PlayStation All-Stars Battle Royale Review

  • Posted November 20th, 2012 at 11:00 EDT by Kyle Prahl

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PlayStation All-Stars Battle Royale

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PlayStation All-Stars is a deeply engaging fighter and love letter to PlayStation fans that ultimately triumphs over shallow single-player content and a few design quirks.

We like

  • PlayStation's best, together at last
  • Tremendous fun and impressive mechanical depth
  • Sophisticated networking

We dislike

  • Inconsistent narrative quality
  • Boring presentation
  • Disorganized progression system

See PSU's review on Metacritic & GameRankings

(continued from previous page) ranks are earned so fast that the whole thing feels less like a measure of skill and more like a measure of time spent with each character. Progression isn't particularly well-organized either, as all of the hundreds of goals (which are divided between your current session, lifetime career, tournament season, and specific modes) can only be viewed in a single menu far removed from the first thing you'll want to do: play the game.

On a technical level, the game performs admirably, running at a constant 60 frames-per-second regardless of platform. There's no graphical caveat for this achievement; stages and characters are packed with detail and a pleasure to behold. Special commendation must also be given to the game's audio, highlighted by diverse sound effects and background music that respectfully remixes memorable tracks from each franchise. Networking is similarly polished. Cross-play works like a charm between PlayStation 3 and PlayStation Vita, and as profile data seems to be tied to your PSN ID, syncing your character levels, unlocks, and completion data between the two platforms is quite literally as easy as signing in. Hooking up with your friends is a breeze as well, thanks to the always-accessible party invite system. Changing match settings, adding CPU opponents, dropping in and out of a game; it's all very accesible, designed to get you into the action as quickly as possible.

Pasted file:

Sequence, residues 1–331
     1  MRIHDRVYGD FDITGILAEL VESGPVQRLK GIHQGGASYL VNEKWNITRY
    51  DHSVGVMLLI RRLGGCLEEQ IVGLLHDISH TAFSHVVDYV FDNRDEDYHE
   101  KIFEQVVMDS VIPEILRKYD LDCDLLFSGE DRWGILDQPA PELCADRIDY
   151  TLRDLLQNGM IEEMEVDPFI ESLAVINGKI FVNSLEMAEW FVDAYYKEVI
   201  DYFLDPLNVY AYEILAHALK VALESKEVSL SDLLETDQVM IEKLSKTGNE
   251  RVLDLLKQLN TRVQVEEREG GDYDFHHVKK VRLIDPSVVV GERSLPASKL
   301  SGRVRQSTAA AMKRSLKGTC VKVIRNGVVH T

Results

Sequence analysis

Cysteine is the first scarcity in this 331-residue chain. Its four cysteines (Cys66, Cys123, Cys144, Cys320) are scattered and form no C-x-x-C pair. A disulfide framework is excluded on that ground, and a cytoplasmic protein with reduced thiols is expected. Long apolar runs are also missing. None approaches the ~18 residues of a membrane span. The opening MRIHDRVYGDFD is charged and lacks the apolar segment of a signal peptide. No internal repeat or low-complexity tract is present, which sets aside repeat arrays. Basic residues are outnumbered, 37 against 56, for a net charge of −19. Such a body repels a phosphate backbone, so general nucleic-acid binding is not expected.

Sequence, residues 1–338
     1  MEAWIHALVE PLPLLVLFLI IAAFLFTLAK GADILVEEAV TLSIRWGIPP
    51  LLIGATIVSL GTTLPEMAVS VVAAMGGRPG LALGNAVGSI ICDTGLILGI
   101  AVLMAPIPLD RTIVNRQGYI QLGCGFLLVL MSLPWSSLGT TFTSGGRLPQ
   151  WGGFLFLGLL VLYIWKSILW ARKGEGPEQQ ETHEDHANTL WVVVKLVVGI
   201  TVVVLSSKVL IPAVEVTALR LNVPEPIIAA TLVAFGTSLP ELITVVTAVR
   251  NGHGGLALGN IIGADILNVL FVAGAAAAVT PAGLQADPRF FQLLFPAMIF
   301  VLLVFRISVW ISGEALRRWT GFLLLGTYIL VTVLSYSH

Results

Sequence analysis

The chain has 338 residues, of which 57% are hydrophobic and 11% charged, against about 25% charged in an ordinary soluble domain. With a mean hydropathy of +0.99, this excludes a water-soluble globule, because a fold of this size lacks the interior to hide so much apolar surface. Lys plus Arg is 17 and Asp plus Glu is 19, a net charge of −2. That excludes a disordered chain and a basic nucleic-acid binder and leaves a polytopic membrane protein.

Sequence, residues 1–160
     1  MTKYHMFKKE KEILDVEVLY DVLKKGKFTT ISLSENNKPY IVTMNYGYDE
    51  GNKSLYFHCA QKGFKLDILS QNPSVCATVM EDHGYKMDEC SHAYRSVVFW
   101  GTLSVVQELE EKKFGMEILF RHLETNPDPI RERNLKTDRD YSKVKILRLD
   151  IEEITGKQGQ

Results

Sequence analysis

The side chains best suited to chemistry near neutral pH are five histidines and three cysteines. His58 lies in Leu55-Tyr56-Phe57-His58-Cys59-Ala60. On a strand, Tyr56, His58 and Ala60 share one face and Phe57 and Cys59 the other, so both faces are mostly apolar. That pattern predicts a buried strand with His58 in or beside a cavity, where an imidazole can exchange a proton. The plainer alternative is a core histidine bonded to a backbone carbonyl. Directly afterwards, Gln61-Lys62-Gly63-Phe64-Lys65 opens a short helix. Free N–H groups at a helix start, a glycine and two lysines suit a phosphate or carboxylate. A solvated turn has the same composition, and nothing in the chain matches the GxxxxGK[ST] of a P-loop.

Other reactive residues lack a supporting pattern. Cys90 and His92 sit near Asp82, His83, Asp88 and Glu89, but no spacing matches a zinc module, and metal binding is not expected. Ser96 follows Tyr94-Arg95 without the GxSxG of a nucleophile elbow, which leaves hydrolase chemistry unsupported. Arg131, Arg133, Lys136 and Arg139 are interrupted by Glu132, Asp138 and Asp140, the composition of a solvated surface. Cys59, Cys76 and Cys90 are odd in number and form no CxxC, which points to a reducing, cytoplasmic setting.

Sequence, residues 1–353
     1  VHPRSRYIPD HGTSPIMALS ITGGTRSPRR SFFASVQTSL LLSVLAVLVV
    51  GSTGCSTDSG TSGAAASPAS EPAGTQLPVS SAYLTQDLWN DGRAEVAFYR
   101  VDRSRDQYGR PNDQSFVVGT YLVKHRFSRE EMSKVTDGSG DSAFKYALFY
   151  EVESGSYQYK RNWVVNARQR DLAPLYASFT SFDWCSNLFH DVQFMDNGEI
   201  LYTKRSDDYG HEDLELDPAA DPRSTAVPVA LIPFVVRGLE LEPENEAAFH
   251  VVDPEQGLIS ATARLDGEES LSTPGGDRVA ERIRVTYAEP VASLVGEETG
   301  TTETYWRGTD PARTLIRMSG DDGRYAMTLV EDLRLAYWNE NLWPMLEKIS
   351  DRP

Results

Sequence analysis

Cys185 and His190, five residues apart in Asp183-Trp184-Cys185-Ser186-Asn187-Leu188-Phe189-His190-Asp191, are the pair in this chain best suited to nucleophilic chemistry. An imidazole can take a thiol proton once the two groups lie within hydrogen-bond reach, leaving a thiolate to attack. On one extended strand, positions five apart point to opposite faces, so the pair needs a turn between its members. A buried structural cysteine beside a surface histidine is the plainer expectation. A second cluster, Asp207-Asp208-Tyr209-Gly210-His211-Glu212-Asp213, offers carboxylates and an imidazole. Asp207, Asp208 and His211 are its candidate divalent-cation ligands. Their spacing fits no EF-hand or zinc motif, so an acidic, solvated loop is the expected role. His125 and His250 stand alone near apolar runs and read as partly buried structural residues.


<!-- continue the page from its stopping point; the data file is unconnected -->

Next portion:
Not every presentation element is a home run, however. Menus and the UI in general are woefully slim on detail and allure; you'd be hard-pressed to find a more visually boring interface in any triple-A PlayStation blockbuster. There's certainly something to be said for prioritizing gameplay over style, but it's hard to justify no style to speak of. It's a small complaint, to be sure, but in a game so fiendishly fun and compelling that “Time for bed” quickly becomes “Holy s***, it's six in the morning?!”, this sore spot becomes apparent after a while.

PlayStation All-Stars Battle Royale is a triumphant nod to nearly two decades of memories and amazing experiences. SuperBot Entertainment absolutely understands what makes PlayStation special, and has succeeded in marrying emotionally-charged fan service with a suitably deep fighting experience that will likely evolve for months and years to come. Inconsistent narrative direction and ho-hum presentation aside, PlayStation All-Stars might just be the most pure fun I've had all year. And as a lifelong PlayStation fan, the wait was worth it.

Editor's Note: The majority of time spent reviewing PlayStation All-Stars Battle Royale was spent playing the PS3 version of the game, testing every mode and character over 30+ hours of gameplay. The PS Vita version of the game was tested primarily for network compatibility, but the gameplay experience is identical between each version (save for PS Vita control changes to compensate for missing L2 and R2 triggers).


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